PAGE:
Nemanja Radulović has become known for his virtuoso violin playing but also for his cool appearance and strong stage presence, tossing his wild curly hair like a rock star. But when he played with the Gothenburg Symphony Orchestra, conducted by Santtu-Matias Rouvali, it was more than anything else a passion for storytelling, a will to communicate and a genuine love for music that came across from this expressive artist. He has said himself that storytelling drives him and it shows in the title of his last album Baika, which is the Serbian word for story. First on the album appears the concerto he played with the GSO this Saturday – Khachaturian’s Concerto for violin and orchestra in D minor.

Santtu-Matias Rouvali and Nemanja Radulović performing with the GSO © GSOPlay
Santtu-Matias Rouvali and Nemanja Radulović performing with the GSO
© GSOPlay

Radulović often turned towards the orchestra, his back to the audience, attentively listening to and enjoying the orchestra parts, or having visual communication with them while playing, most notably with the clarinettist, whose part often is in conversation with the solo violin. This slightly unorthodox way of using the stage did not come across as studied or rude towards the audience, but as genuine and sprung from a sincere will to connect and share music, both with us in the audience and with the other musicians on stage.

Visuals aside, this concert would have been completely enjoyable even with eyes closed and all of the above left out. Radulović’s playing was full of colour, gesture and spontaneous playfulness – such as in the very first entry of the solo violin, where he played percussively and with strong momentum; the same phrase came back not a minute later in a whole new colour, not as pushing but more laid back, as much as the tempo and amount of notes per bar would allow. He playfully and seemingly spontaneously challenged the GSO in his incredibly soft Subito pianissimos, but they were up to it and matched him, although usually after a brief moment of adjustment.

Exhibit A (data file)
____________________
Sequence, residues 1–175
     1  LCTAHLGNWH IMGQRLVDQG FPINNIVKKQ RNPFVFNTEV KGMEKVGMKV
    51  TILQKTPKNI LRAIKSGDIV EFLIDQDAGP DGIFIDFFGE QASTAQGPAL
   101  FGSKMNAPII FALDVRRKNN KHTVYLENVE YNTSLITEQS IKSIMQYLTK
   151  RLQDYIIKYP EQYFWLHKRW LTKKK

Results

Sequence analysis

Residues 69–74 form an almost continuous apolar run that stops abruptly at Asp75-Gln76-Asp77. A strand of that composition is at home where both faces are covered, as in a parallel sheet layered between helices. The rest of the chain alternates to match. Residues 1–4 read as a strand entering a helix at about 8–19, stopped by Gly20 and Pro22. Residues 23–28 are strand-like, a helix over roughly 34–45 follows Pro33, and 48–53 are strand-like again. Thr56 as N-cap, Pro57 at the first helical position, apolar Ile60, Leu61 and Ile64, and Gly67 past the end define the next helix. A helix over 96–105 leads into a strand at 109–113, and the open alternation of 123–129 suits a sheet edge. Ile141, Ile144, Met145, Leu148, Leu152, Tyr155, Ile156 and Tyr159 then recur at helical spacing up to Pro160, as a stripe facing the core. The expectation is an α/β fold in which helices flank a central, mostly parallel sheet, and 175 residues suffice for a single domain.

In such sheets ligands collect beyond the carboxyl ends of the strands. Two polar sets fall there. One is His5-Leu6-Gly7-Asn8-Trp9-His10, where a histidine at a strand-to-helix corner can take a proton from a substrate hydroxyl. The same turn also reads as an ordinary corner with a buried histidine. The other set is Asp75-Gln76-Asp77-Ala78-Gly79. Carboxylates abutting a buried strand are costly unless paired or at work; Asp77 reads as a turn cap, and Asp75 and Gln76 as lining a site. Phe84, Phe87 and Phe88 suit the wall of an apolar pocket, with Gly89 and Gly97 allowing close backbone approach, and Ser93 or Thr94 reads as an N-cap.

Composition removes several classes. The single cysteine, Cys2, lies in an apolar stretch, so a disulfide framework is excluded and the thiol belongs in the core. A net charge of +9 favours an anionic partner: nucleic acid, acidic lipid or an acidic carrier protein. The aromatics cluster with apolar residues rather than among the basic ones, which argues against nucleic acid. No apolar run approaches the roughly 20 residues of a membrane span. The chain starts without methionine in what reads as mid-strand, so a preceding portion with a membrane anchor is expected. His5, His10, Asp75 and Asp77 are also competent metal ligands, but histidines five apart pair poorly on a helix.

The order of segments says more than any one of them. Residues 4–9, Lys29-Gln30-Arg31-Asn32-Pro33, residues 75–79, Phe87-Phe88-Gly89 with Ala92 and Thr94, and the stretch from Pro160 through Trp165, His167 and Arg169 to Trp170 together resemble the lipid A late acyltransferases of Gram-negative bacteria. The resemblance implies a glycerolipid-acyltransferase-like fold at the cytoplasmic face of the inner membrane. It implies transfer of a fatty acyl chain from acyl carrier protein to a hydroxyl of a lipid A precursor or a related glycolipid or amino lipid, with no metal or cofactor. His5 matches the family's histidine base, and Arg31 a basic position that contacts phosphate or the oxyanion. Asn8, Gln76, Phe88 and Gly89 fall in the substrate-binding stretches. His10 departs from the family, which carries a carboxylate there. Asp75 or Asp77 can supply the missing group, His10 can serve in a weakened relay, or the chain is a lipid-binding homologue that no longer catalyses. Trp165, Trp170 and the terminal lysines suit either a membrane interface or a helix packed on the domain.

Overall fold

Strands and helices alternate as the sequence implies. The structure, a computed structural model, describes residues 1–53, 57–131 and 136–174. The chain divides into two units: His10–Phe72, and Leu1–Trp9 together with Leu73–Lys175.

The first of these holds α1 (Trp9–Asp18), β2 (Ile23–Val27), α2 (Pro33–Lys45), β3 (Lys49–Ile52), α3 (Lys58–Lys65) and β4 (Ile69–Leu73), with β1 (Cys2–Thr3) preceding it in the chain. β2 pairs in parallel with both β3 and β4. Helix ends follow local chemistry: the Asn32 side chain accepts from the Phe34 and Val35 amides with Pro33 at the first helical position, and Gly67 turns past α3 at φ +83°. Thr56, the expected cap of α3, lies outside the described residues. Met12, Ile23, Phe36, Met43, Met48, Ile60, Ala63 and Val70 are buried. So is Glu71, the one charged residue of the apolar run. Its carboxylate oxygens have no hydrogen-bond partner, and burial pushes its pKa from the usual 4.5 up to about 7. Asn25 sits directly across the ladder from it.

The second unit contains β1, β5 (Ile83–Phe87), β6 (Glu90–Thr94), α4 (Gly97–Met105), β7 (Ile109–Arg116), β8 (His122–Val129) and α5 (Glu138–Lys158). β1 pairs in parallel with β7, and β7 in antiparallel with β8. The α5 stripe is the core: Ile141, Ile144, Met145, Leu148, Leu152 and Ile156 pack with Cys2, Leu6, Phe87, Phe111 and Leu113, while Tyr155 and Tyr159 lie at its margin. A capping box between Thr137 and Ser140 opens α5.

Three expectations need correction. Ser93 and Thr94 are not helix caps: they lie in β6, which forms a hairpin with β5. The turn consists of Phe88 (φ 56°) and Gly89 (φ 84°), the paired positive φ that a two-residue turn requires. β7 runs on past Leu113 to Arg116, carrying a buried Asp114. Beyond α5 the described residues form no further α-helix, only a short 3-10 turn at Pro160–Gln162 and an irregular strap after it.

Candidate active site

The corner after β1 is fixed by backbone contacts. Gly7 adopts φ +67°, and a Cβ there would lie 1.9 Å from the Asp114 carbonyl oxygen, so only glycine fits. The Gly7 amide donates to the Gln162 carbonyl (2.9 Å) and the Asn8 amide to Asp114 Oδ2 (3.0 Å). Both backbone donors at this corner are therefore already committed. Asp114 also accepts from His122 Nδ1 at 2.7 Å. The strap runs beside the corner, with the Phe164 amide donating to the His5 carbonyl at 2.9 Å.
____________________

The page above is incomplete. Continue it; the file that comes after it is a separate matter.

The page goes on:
Before the concerto, the GSO warmed us up with Khachaturian’s Masquerade Suite, consisting of five movements the composer wrote for the play Masquerade by Lermontov, a year after writing the concerto. In both these works we got to experience what a master of melodies Khachaturian was, with humming-friendly tunes in every movement, tastefully rendered by Rouvali despite the at times bombastic and over-the-top score. Especially the percussion section did a very commendable job in keeping the balance. The dance movements (“Waltz”, “Mazurka” and “Galop”) painted a picture of a busy ballroom, and the sentimental movements in between (“Nocturne” and “Romance”), felt like a couple of welcome trips out on the balcony for fresh air before returning to the party.

Sibelius wrote his fourth symphony at a challenging time, both personally and historically. Europe was, as it would turn out, heading towards a world war and Sibelius had just had a tumour removed, hence why mortality was more present in his thoughts. This could be why the fourth is so dark and ominous and doesn’t sound like the Sibelius that the public was used to hear at its premiere in 1911. The composer himself has stated that the symphony was “a protest against present-day music” and that it had “absolutely nothing of the circus about it”. One can wonder what he would have thought about pairing it up with Khachaturian’s catchy music, which can certainly be called, if not something of a circus, at least a show – although in the best sense of the word.

Undoubtedly, it was a giant leap in the programme from the first half to the second; the Sibelius fourth barely presents any melodies that could get stuck in your head on the way home. The main building block is the tritone, an interval which, used as Sibelius does – in its own right without extenuating surroundings – sounds almost harsh and not very melodic. Throughout history it has even been referred to as “the devil’s interval” and it appears continuously in the four movements of the symphony.

Although the complete switch might have been challenging for many members of the audience, myself included, it posed no challenge for Rouvali, who navigated this sparsely orchestrated and vulnerable music with great sensitivity. He managed to retain the tension through the silences between phrases and to keep the work together as a whole, wisely reserving the strongest dynamic for the climax of the third movement, thus making it the peak of the whole symphony.

Despite the delicate performance, the symphony was not given a proper chance because of the construction of the programme – the dazzling colours and fireworks of the first half made the second fade in comparison, causing it to be not as moving and profound as the very same performance could have been in another context.

This review is part of our student reviewers programme in collaboration with the Academy of Music & Drama of the University of Gothenburg.

Reviewed at Gothenburg Concert Hall, Gothenburg on 23 November 2019


Khachaturian, Masquerade: suite

Khachaturian, Violin Concerto in D minor, Op. 46

Sibelius, Symphony no. 4 in A minor, Op.63


Gothenburg Symphony Orchestra

Santtu-Matias Rouvali, Conductor

Nemanja Radulović, Violin